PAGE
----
Singapore, London and San Francisco ranked top cities for smart mobility
A new study places Singapore, London, and San Francisco as the leading cities for smart mobility, rated on over 150 different parameters, covering autonomous vehicles, intelligent transport, and smart logistics.
The study rated 100 cities against six mobility criteria, in total, categorised as: new mobility solutions, autonomous readiness, digitisation, sustainability, smart logistics, and overall smart city outlook.
The top five, ranked for vision and strategy, are: Singapore, London, San Francisco, Tokyo, and Amsterdam. Helsinki, Boston, Los Angeles, Hamburg, and Paris rounded out the top 10.
Of the top 25 cities, almost half (12) are located in Europe, due to the region’s commitment to green technology, integrated transport options, and takeup of noted said Frost & Sullivan – although, actually, all of these nine are in the US, itself. Frost & Sullivan put this showing down to strong performance in its autonomous readiness and digitisation segments.
Four cities are located in the Asia Pacific region, scoring well for stringent car ownership and parking policies and efficient public transport.
At the same time, there was a long way to go, the research makes clear. None of the 100 cities studied achieved a score that would qualify them to be termed as“leaders” in every aspect of smart mobility solutions, said Frost & Sullivan, despite ranking eight of the 100 as ‘innovators’ in the field.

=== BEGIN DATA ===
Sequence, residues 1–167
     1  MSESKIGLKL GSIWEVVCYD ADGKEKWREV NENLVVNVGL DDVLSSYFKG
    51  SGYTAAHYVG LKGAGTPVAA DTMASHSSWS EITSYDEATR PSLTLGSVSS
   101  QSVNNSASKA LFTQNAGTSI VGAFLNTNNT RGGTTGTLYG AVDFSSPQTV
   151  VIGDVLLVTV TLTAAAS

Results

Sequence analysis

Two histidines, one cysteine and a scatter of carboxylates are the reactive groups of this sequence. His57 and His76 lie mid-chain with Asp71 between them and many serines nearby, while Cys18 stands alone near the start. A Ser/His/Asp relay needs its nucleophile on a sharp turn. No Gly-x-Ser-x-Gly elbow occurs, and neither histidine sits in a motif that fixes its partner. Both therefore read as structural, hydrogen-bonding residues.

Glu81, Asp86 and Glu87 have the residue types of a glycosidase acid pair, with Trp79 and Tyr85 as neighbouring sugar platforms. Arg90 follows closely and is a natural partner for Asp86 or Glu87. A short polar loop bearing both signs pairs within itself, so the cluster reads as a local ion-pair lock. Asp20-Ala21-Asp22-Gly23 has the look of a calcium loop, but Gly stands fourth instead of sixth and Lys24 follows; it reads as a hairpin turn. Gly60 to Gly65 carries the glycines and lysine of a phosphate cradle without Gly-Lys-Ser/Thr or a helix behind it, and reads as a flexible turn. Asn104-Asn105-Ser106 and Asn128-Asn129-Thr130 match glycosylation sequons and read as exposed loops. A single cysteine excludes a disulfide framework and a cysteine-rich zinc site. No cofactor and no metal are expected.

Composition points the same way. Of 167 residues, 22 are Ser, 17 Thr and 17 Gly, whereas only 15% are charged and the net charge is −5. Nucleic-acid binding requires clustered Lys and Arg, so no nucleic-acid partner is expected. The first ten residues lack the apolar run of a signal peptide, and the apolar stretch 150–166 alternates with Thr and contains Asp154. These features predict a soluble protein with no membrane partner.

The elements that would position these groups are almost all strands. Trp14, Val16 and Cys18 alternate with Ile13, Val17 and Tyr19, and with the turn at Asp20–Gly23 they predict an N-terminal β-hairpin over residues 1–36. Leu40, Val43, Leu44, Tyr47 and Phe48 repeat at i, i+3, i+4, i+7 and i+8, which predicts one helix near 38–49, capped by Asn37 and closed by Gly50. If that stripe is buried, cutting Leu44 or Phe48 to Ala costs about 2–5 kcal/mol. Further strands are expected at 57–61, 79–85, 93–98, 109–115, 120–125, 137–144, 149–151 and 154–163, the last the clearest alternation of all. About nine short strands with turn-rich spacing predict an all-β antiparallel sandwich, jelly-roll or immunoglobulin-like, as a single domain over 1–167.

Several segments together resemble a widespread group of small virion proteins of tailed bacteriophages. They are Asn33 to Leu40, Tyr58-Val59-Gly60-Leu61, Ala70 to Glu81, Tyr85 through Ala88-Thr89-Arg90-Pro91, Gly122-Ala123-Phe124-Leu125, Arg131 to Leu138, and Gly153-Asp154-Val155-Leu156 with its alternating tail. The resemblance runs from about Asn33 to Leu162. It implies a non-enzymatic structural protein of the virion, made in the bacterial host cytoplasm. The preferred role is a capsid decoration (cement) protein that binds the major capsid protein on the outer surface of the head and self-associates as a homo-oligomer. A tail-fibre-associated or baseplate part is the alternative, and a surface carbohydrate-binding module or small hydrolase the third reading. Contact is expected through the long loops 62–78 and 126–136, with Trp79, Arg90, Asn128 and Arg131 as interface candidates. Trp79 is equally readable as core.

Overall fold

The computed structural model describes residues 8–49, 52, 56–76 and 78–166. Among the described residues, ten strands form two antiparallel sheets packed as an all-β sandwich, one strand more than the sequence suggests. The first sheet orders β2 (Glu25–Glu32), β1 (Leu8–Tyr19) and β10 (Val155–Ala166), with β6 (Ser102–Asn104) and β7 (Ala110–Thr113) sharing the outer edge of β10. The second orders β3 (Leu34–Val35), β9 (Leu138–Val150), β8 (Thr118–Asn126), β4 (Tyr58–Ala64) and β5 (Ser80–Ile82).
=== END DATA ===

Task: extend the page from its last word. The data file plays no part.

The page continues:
This undelrines “the huge, untapped potential of smart mobility,” it said. Public-private collaborations around new operating models, car usage, multimodal journeys, and payment options will drive innovative mobility models, particularly as-a-service initiatives in cities, it said.
Shwetha Surender, mobility industry principal at Frost & Sullivan, said: “Vehicle occupancy rate is approximately 35 percent to 40 percent in cities, but shared mobility can improve vehicle utilization by 85 percent, which will not only decrease on-road vehicle miles travelled, but also relieve congestion and free up 20 percent of street space used for parking.”
Franck Leveque, partner and mobility business unit leader at Frost & Sullivan, said: “Autonomous vehicles can simultaneously reduce road accidents to zero and bring down travel costs by 30 percent by decreasing congestion and eliminating the need for human operators. Overall, autonomous vehicles can potentially lead to a 4 percent savings in the gross domestic product.”
Frost & Sullivan’s web-based ‘smart mobility tracker’ says rapid urbanisation, vehicle density, ageing infrastructure, and transportation-related emissions are increasingly stressing the urban mobility ecosystem. One in twelve people in the world lives in the cities, it notes, and they account for nearly 15 per cent of the global vehicle population of 1.3 billion, resulting in a cost burden of more than $300 billion related to congestion, and almost 20 per cent of transport-related greenhouse gas emissions.